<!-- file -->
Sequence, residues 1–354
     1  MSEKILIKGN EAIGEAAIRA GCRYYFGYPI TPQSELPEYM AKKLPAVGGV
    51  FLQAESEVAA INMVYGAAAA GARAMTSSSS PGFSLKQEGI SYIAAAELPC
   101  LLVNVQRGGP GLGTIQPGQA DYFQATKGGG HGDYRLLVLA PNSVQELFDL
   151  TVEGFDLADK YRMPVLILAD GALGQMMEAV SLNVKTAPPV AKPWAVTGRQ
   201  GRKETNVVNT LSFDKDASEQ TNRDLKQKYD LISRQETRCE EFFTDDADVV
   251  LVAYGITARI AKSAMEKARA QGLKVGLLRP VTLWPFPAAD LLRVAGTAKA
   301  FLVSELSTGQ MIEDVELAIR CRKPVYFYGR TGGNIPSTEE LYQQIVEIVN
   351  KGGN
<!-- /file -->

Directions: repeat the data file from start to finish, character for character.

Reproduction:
Sequence, residues 1–354
     1  MSEKILIKGN EAIGEAAIRA GCRYYFGYPI TPQSELPEYM AKKLPAVGGV
    51  FLQAESEVAA INMVYGAAAA GARAMTSSSS PGFSLKQEGI SYIAAAELPC
   101  LLVNVQRGGP GLGTIQPGQA DYFQATKGGG HGDYRLLVLA PNSVQELFDL
   151  TVEGFDLADK YRMPVLILAD GALGQMMEAV SLNVKTAPPV AKPWAVTGRQ
   201  GRKETNVVNT LSFDKDASEQ TNRDLKQKYD LISRQETRCE EFFTDDADVV
   251  LVAYGITARI AKSAMEKARA QGLKVGLLRP VTLWPFPAAD LLRVAGTAKA
   301  FLVSELSTGQ MIEDVELAIR CRKPVYFYGR TGGNIPSTEE LYQQIVEIVN
   351  KGGN